Silver Racket pin
In the middle of the circle-shaped pin made of silver or silver-coloured metal there is an embossed image of a tennis racket and tennis ball. The outer edge has inscription ‘Hopeamaila Viikkosanomat’ (Silver Racket Viikkosanomat Newspaper). The edge on the back has a diagonal groove pattern. The back is fastened in the needle section by rotating into a thread. The diameter of the pin is 13 mm and height 10 mm. The pin comprised in the Serlachius Museums’ object collection is related to the Silver Racket Tennis Tournament of the young.
In Mänttä, tennis has over a century-long tradition and tournaments have been organised actively. Completed in 1950, the tennis courts and stylish pavilion added the glamour of the sport. The Silver Racket Tournaments commenced in 1955. Viikkosanomat Newspaper sponsored the tournament organized by Finnish Tennis Association. It attracted young players to participate. The finals were organised in Helsinki and the trip also included a visit to Linnanmäki Amusement Park.
“At that time there was a Silver Racket Tournament with local qualifiers in Mänttä, regional qualifiers and finals for 14-, 16- and 18-year-olds. Each year I played in the finals and managed to win several medals”, recalls one player from Mänttä who had success in the 1960s.
For a long time, tennis was the hobby of the upper middle class. In the 1970s, the threshold to play tennis was lowered and court etiquette became more relaxed. In the qualifiers, beside white plaid skirts and Lacoste polo shirts one could also see Mäntän Urheilijat Sports club’s or Adidas tracksuits, the caps of bank SYP and flaming red shorts. “I had a white T-shirt with my name printed in capital letters and on the back an image of two tennis rackets crosswise and a tennis ball – almost like in the Wimbledon logo. It was a gift from my teammate.”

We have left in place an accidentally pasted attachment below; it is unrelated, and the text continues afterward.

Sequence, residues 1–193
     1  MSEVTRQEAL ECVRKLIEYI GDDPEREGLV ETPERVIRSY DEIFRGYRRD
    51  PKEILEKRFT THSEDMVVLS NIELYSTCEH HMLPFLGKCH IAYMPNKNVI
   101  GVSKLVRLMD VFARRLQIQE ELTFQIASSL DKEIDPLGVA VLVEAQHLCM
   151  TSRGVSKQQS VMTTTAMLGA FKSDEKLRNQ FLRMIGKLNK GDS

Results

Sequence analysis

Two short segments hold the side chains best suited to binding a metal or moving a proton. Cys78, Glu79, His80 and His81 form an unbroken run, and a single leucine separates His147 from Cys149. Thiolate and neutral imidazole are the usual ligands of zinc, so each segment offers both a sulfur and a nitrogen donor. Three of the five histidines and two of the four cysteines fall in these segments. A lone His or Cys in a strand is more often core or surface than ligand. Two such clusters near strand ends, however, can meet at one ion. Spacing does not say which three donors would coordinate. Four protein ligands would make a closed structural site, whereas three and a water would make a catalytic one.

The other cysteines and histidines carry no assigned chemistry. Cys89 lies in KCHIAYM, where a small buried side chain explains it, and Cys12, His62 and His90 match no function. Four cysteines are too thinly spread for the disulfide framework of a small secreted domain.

A bright shining pin was given to each young who participated in the qualifiers. Every possible player was summoned to play, because the number of participants determined how many players could get through. Along were all the girls from the neighbourhood who had even seen a racket before. Each of them received a pin. They were total novices. They were not able to do the overarm serve and on top of that served underarm and hit it off the bounce! Some of the parents of young players commented: How do they play like this here? Serve underhand? But it went well. I also managed to do alright.” The Silver Racket pin now reminds of the experience of success.
The author has studied Mänttä’s tennis history
Carlson, Anna-Riikka: Elämäni peli -Suomen tenniksen ensimmäiset 100 vuotta. Avain, 2011.
Kivelä, Pekka: Mäntän klubin albumi Jyväskylä. Kauko Sorjosen säätiö, 2011.
Petäjä, Reino: Mäntän Tennisklubi 50 vuotta, 1979.
Tennis Mäntässä, oral history of tennis in Mänttä, Serlachius Museums